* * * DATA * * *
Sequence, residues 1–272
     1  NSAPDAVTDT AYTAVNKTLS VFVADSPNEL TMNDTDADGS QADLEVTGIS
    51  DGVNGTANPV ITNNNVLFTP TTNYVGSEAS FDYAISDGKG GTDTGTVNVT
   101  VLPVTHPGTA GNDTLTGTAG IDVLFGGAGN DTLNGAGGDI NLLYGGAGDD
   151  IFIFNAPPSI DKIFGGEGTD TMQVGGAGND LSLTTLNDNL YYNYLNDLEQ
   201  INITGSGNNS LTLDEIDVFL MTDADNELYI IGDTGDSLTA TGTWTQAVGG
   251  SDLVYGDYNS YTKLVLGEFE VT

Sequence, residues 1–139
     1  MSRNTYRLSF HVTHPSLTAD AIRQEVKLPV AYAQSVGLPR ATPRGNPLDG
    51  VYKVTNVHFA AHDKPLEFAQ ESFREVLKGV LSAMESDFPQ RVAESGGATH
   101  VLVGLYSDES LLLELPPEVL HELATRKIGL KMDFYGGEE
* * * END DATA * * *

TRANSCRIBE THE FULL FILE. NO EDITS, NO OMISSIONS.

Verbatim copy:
Sequence, residues 1–272
     1  NSAPDAVTDT AYTAVNKTLS VFVADSPNEL TMNDTDADGS QADLEVTGIS
    51  DGVNGTANPV ITNNNVLFTP TTNYVGSEAS FDYAISDGKG GTDTGTVNVT
   101  VLPVTHPGTA GNDTLTGTAG IDVLFGGAGN DTLNGAGGDI NLLYGGAGDD
   151  IFIFNAPPSI DKIFGGEGTD TMQVGGAGND LSLTTLNDNL YYNYLNDLEQ
   201  INITGSGNNS LTLDEIDVFL MTDADNELYI IGDTGDSLTA TGTWTQAVGG
   251  SDLVYGDYNS YTKLVLGEFE VT

Sequence, residues 1–139
     1  MSRNTYRLSF HVTHPSLTAD AIRQEVKLPV AYAQSVGLPR ATPRGNPLDG
    51  VYKVTNVHFA AHDKPLEFAQ ESFREVLKGV LSAMESDFPQ RVAESGGATH
   101  VLVGLYSDES LLLELPPEVL HELATRKIGL KMDFYGGEE